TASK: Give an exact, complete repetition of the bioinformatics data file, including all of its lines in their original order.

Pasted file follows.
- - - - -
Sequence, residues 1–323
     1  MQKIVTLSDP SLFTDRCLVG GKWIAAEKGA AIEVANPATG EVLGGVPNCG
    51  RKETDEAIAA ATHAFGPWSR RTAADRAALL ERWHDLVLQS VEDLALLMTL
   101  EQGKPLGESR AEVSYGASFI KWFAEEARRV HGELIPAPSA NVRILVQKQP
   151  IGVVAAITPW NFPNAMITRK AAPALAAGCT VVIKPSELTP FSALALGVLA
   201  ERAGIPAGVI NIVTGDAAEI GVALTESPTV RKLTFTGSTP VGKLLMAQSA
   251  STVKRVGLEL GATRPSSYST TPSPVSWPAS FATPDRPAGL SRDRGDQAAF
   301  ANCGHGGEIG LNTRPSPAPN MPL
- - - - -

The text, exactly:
Sequence, residues 1–323
     1  MQKIVTLSDP SLFTDRCLVG GKWIAAEKGA AIEVANPATG EVLGGVPNCG
    51  RKETDEAIAA ATHAFGPWSR RTAADRAALL ERWHDLVLQS VEDLALLMTL
   101  EQGKPLGESR AEVSYGASFI KWFAEEARRV HGELIPAPSA NVRILVQKQP
   151  IGVVAAITPW NFPNAMITRK AAPALAAGCT VVIKPSELTP FSALALGVLA
   201  ERAGIPAGVI NIVTGDAAEI GVALTESPTV RKLTFTGSTP VGKLLMAQSA
   251  STVKRVGLEL GATRPSSYST TPSPVSWPAS FATPDRPAGL SRDRGDQAAF
   301  ANCGHGGEIG LNTRPSPAPN MPL